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Postby Brett Eugene Ralph on Sun Nov 19, 2006 4:52 pm

Although I like Husker Du, and always have, I don't find myself returning to their records much. I've always felt them to be the most overrated of the "major" hardcore bands. I've always preferred Grant Hart's songs, and Bob Mould's exaggerated yelling leaves me indifferent for all his effort--kinda like a punk rock Roger Daltrey. I'd much rather listen to the Minutemen, whose records sound as fresh as they did when they were born.

Double Nickels passes Husker Du standing still.
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Postby zom-zom on Sun Nov 19, 2006 5:06 pm

Both. I'm sorry you kids didn't get to witness a Minutemen show. You would eat your "I don't like them" words.

The "Blair Witch Project" analogy is so off-the-mark that I shouldn't even reference it.

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Postby vockins on Sun Nov 19, 2006 5:17 pm

I'd like to save myself and everyone else some time by declaring Double Nickels the victor in any either/or from here on out.

Perhaps either/or Double Nickels/travel, Double Nickels/eating, or Double Nickels/love would be tough.
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Postby a. james on Sun Nov 19, 2006 5:27 pm

nickels.

only 'cause when i met watt he let me play his bass.
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Postby tommydski on Sun Nov 19, 2006 5:43 pm

It occurs to me that I prefer 'Firewater' to either.
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Postby Get dog costumes on Mon Nov 20, 2006 3:06 pm

Both of these albums are marathons, and while there are songs on Zen Arcade that I don't care to hear again, I go through Double Nickels without skipping anything, with the occasional exception of "Toadies."

It also has better lyrics and is recorded better than Firewater, which has better lyrics and is recorded better than Zen Arcade.

Rzs, you're an idiot.
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Postby the Classical on Mon Nov 20, 2006 3:21 pm

Zen Arcade and Double Nickels were both total mindblowers for me when I was a teenager. I think if I asked my 16 yo self I would answer Zen Arcade. But, when I hear this record now, it doesn't hit me as hard, it feels waaaaayyy too long, some of Mould's lyrics seem ridiculous in a very Rollins-y way, there is filler and it just doesn't hang together as a whole. If I'm reaching for Huskers, its going to be New Day Rising, which I think is their best full-length

Double Nickels I still play this record all the time and in some ways this record means more to me now as an adult then it did when I was a kid. The music is so rich and dense, there is always stuff I feel like I am just now starting to understand. To me this record achives a sort of perfect balance, not too much of anyone thing, not too little of something else, every aspect of it working together. And agreed that the Minutemen are inspirational and heroic, but again if the music wasn't there it wouldn't mean shit. I think for me to be able to play the record over and over w/o getting tired of it is a testament to its quality. At least to these ears.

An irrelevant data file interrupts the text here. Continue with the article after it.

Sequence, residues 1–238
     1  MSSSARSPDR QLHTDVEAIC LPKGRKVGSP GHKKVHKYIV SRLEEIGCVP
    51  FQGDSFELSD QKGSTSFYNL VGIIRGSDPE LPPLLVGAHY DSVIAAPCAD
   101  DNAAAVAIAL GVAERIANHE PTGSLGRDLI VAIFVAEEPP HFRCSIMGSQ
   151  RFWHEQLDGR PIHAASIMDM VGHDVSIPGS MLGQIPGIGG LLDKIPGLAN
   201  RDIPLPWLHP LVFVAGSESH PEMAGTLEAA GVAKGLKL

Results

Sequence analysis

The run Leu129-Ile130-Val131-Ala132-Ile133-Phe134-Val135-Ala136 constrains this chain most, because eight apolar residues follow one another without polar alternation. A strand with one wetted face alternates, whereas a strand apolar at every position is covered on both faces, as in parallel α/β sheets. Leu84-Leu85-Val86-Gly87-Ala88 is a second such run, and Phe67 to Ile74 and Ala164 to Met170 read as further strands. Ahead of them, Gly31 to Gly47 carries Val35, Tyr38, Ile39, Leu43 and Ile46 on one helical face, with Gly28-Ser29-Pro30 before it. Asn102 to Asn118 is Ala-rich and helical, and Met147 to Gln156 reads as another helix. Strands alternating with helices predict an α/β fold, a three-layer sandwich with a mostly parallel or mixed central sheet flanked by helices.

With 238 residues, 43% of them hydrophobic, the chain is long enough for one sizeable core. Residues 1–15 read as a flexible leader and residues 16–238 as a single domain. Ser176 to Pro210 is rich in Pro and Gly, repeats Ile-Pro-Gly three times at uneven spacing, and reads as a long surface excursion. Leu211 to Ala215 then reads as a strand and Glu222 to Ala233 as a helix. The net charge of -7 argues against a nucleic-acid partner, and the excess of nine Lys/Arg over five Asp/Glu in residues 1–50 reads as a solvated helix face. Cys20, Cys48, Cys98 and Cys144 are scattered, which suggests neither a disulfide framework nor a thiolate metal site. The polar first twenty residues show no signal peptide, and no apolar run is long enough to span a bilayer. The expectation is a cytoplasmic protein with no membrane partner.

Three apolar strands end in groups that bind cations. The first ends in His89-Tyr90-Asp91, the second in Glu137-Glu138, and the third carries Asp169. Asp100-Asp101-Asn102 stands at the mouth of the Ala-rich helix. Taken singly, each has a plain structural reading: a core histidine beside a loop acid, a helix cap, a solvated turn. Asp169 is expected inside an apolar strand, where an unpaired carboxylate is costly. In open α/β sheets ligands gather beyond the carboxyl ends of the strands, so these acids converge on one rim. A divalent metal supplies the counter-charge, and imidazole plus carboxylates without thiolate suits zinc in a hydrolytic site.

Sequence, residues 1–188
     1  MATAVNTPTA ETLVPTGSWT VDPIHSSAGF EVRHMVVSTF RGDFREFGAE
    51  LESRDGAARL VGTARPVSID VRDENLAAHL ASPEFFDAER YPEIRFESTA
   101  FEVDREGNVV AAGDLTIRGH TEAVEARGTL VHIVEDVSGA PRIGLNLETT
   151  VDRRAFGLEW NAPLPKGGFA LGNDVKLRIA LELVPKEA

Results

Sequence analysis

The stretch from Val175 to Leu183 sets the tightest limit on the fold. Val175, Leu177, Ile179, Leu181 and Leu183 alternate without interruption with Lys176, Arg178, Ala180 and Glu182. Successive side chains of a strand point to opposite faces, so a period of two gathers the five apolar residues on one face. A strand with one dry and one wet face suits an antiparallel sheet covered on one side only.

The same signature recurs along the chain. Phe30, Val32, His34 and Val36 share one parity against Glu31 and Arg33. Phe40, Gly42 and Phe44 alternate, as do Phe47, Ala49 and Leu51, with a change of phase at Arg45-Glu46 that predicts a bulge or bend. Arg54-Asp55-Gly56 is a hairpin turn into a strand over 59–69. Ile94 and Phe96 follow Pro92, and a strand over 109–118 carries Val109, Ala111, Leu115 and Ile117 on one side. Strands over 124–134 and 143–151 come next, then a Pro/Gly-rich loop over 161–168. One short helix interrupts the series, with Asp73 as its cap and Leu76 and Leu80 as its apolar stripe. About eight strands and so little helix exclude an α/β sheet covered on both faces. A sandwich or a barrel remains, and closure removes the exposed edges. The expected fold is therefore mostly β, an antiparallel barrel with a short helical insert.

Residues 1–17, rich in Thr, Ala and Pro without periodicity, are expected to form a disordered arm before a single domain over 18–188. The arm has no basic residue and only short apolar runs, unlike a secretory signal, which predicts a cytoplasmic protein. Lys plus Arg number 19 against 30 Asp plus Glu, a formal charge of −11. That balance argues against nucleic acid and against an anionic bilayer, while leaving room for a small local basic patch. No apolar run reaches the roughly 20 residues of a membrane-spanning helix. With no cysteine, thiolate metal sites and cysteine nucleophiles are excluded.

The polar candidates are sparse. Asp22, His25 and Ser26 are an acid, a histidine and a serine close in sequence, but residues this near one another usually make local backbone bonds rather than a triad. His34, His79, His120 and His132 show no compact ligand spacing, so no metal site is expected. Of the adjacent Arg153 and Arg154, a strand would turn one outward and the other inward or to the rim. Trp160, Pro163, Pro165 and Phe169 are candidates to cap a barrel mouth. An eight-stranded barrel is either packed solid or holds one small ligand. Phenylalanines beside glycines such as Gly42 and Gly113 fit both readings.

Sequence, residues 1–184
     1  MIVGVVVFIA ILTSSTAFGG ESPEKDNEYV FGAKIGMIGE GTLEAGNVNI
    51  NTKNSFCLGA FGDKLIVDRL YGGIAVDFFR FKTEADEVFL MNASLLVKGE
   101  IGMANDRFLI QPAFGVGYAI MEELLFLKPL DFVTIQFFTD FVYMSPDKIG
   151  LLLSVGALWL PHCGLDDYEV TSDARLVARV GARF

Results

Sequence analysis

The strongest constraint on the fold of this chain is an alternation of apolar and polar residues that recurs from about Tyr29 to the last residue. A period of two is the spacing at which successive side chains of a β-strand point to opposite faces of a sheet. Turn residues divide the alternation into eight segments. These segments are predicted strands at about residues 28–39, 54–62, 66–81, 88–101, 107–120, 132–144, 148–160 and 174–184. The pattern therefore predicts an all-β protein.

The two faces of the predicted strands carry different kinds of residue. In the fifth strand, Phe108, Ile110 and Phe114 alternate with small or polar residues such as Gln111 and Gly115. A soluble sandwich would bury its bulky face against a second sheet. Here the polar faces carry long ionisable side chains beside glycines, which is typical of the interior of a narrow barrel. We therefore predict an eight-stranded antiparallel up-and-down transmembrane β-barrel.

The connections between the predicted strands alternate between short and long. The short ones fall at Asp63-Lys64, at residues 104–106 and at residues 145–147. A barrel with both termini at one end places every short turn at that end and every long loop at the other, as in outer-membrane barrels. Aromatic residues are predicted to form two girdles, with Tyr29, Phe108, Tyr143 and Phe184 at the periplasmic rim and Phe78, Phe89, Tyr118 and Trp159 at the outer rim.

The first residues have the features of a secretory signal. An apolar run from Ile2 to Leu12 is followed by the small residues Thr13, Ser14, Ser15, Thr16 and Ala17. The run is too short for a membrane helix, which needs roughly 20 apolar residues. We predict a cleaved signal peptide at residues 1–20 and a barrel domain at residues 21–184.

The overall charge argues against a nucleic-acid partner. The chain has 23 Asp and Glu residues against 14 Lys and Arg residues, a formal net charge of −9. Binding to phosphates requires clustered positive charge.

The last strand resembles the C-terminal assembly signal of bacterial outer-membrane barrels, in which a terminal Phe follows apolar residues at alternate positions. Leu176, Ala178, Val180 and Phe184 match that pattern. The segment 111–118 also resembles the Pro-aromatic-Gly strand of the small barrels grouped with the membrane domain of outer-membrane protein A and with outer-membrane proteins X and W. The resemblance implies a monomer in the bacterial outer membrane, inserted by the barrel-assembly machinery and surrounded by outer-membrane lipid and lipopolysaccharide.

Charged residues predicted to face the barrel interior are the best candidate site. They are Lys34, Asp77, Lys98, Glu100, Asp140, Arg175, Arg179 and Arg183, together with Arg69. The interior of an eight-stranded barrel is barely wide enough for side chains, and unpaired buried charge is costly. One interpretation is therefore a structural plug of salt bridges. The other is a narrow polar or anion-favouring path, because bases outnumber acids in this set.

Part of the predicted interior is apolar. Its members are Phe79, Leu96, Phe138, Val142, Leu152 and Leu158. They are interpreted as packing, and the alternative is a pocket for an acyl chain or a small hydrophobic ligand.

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Postby mr.arrison on Mon Nov 20, 2006 4:00 pm

Get dog costumes wrote:Rzs, you're an idiot.


Ouch. True Dat.
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Postby Tree on Mon Nov 20, 2006 11:04 pm

vockins wrote:Perhaps either/or Double Nickels/travel, Double Nickels/eating, or Double Nickels/love would be tough.

Double Nickels/Jeter

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Postby tommydski on Mon Nov 20, 2006 11:48 pm

the Classical wrote:some of Mould's lyrics seem ridiculous in a very Rollins-y way


That's quite amusing when you consider 'Storm In My House' on 'Double Nickels...' was actually written by Henry Rollins.
You are right though, I know exactly what you mean.
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Postby Minotaur029 on Wed Dec 20, 2006 5:53 am

Double Nickels on the Dime is clearly the right choice here. For all its tracks, you can still listen to it all the way through. I can't believe the incredible songs buried way back in like track 30-40 territory. The tightness of this band is astounding to me. I like to listen to it while driving around. I listened to it a ton in the beginning of summer '06.

I don't think Zen Arcade (or the Dü for that matter) means a hell of a lot to the new generation of kids who really enjoy music (i.e. - kids that aren't blown away by/don't give a shit about the Arcade Fire, the Hold Steady, other crap, etc.), but Double Nickels seems to carry a lot of weight. I could see why Zen Arcade means a lot to older generations, but its significance is somewhat lost on me. I like it all right, but I'm not sure it's as big of a deal as everybody makes/made it out to be. Perhaps someone can explain to me why I am wrong.

Double Nickels just sounds timeless, and the feel of the recording is incredibly pleasing to the ear (and my soul...yeah...my soul.....uh.....baby).